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wretched all day, without a single real trial, and angry with all around them, without a single provocation. Was there any thing, my child, this morning, to prevent you from being as happy as you were yesterday. Had you not the same sources of enjoyment?" "Yes, but I was disappointed, so I could not enjoy them." "Your will had been crossed, and so you resolved to be unhappy; but if you had good humouredly turned to something else; and said,—“ then we must walk another time”--you would have felt no unhappiness. There was no real trouble, excepting as you made one, and depend upon it, those we make are always the worst to bear. Therefore, remember, Jane, as the first lesson I teach to-day,—those who make troubles of trifles, will always find trouble enough. Thus far I have been speaking to you on the folly of suffering our minds to be discomposed, and placing our happiness at the mercy of every little accident. But now I must come to the sinfulness of those intemperate expressions, which you dared to make use of; and I do indeed think your sin far greater than John's, and more displeasing to our Heavenly Father.” “Mamma, I might speak improperly, but I am sure I did not use such words as John did."

"I dare say not, my child," said Mrs. Melville, drawing kindly towards her, for Jane had buried her face in her handkerchief, and was sobbing aloud, "and you may be quite certain that mamma would not wound her little girl, by being needlessly severe. But when I have explained my meaning, I think you will yourself see its truth. Don't you suppose, that your heart was as angry as John's this morning?"

"Yes, I dare say it was."

"And what does God look at?"

"The heart."

"And undue anger is displeasing to Him."


"Both your hearts then were full of the abominable thing that God hateth, even sin."

Jane timidly answered, "yes."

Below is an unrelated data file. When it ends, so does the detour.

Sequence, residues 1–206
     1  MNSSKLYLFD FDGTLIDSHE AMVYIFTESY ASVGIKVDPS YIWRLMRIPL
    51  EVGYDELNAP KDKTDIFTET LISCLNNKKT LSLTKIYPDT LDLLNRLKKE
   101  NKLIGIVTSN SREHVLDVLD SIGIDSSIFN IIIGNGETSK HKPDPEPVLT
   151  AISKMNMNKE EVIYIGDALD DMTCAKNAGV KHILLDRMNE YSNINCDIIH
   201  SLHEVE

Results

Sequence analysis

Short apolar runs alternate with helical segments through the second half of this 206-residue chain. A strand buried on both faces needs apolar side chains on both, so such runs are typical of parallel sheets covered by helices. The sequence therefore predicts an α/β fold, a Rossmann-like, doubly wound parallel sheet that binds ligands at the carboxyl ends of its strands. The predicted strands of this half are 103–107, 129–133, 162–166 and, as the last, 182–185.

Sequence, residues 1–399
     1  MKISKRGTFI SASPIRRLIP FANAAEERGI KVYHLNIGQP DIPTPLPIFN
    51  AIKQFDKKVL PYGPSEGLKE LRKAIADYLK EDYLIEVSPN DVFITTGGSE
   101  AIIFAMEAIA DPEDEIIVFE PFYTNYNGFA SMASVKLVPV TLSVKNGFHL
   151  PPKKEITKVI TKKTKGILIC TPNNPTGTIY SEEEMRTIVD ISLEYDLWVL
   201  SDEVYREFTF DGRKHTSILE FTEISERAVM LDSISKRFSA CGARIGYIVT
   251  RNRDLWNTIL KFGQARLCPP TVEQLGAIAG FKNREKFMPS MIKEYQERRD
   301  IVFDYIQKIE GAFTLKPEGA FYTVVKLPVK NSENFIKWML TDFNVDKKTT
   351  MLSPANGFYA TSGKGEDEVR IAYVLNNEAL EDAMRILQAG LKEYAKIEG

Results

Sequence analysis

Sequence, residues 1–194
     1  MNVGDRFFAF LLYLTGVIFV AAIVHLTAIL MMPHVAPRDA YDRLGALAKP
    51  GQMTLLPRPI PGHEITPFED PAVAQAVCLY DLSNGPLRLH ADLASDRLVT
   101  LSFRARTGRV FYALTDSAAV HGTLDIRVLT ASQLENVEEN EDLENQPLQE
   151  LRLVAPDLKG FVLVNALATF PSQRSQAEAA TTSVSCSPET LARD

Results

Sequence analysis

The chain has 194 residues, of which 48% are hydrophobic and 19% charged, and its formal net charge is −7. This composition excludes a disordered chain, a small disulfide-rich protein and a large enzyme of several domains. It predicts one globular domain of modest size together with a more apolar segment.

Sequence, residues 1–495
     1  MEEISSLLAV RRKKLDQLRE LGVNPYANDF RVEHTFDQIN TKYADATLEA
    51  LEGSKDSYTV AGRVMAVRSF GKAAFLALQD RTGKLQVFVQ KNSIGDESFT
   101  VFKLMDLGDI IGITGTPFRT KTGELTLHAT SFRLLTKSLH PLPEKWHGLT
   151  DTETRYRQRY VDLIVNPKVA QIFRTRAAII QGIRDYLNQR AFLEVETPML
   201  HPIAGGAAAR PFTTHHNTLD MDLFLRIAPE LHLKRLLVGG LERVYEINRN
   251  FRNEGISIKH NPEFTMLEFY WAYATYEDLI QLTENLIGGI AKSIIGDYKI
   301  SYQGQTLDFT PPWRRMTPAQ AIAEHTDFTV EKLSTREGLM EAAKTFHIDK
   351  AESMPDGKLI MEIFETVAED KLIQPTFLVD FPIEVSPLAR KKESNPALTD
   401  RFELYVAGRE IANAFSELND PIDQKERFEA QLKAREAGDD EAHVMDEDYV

"But which has been most carefully taught, by precept and example, to avoid sin?"


"I have."

"Yes, John has been brought up with every disadvantage, and

you with every privilege. I question whether he ever received one word of religious instruction till he came here, and that has been only a few times. No doubt he knew that he was wrong, for conscience works within us all; yet he could be very little sensible, how wrong, for he would only seem to be doing what all around him do continually. But in indulging passion, you have no such ignorance to plead. Throughout the family, how does your dear papa enforce the importance of holy tempers, and how powerfully does he enforce them, by appealing to the word of God, and by shewing their excellence in his own example. Then may not our Heavenly Father say to us, 'You have I known of the families of the earth, therefore will I punish you for all your iniquities.' Now, Jane, which was most guilty, you or John, in giving way to passion?"

"I was, dear mamma.”


"And now, my love, with respect to the language of both. suppose John said the worst he could think of; the most violent expressions he is ever in the habit of using or hearing."

"Yes, mamma, he did indeed."

"And how far did my little Jane fall short of this ;-in fact might she not be said to go beyond it? Not only were your expressions the worst you could think of, but such as you never hear used by those around you." Thou hast done evil as thou couldest," therefore, is a text most applicable. And depend upon it, when this may be said to us, our exemption from other evil, is chiefly owing to circumstances. Had you been brought up in Fielding workhouse instead of your own happy home, nothing more would have been needed to call forth the most awful words, than the same degree of anger you felt this morning."